"Are you sure you want to do this, honey?"

Lana looked back at the hairdresser through the mirror in which she'd been studying her pink-smocked reflection in thoughtful silence.

Did she want to do this? It was a question she'd asked herself all the way to the beauty parlor that morning. In the back of her mind, she heard Nell telling her never to cut it off. "Leave it long, Lana," she'd said. "Your hair is your crowning glory." Whitney'd always echoed the sentiment, telling her he liked it long as he petted it like she were a dog instead of his girlfriend. Clark liked it long, too. But Clark was gone and Lana was tired of the petting and the sniffing and the fawning over her hair.

Long meant hard to maintain, hours in front of the mirror every morning, and having to pull it back when she worked.

Long was "princess hair." Lana was tired of the princess. Princess Lana was too perfect and too untouchable. Too unreal. She wanted to be a real person for once in her life.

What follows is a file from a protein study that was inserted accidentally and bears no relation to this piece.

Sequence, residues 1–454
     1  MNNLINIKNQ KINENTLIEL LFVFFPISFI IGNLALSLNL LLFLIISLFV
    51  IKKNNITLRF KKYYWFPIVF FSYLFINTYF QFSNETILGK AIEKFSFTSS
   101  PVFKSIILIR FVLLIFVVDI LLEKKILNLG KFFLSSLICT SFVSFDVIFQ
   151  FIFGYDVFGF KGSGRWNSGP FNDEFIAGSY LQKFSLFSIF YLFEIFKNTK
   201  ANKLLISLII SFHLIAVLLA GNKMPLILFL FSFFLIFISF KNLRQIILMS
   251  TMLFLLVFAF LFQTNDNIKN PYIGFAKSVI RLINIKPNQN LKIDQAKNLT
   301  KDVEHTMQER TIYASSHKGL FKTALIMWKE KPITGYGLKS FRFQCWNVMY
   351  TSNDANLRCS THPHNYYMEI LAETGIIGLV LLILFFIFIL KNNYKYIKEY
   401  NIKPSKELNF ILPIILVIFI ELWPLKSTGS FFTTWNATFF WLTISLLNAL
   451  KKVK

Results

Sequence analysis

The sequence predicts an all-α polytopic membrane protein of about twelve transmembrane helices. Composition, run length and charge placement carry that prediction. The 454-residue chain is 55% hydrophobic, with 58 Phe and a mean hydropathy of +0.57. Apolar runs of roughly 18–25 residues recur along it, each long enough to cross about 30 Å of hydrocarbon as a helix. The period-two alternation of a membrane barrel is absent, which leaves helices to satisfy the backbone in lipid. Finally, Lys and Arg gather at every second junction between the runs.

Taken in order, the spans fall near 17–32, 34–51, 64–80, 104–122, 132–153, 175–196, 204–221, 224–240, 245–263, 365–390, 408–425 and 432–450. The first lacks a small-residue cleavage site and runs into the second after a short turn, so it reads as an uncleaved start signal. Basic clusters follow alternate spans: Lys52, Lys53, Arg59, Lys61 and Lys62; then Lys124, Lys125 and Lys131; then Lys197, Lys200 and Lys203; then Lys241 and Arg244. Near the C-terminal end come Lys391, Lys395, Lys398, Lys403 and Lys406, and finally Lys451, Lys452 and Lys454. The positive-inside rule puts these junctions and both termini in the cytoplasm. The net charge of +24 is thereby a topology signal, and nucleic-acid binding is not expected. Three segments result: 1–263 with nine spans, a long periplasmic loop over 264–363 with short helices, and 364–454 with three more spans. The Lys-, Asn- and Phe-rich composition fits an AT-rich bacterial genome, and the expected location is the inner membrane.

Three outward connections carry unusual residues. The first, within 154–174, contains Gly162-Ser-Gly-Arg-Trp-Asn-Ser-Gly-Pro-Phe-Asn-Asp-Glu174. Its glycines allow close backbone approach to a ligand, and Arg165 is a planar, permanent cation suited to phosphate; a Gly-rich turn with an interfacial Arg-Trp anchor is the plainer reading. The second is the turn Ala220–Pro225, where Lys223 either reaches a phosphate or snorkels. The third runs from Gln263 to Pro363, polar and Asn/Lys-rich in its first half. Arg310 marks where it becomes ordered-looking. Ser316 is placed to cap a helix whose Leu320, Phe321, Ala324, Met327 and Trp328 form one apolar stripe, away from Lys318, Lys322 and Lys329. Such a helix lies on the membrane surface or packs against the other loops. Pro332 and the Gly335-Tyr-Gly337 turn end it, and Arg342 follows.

It was time for a change.

"I'm sure," came her steady reply, but her eyes shut when the scissors sliced through the first strand of her hair. She felt thick strands of it fall on the smock--black against pink--and the fear of losing a part of herself seized her. She could tell Candy to stop, but she knew once it was started, she had to finish it.

And, in the end, she wanted to.

And judging from the way Pete's jaw dropped and Chloe's coffee cup shattered when it hit floor as she walked into the Talon looking like Olivia Newton John at the end of Grease--only with dark hair--she'd made the right decision.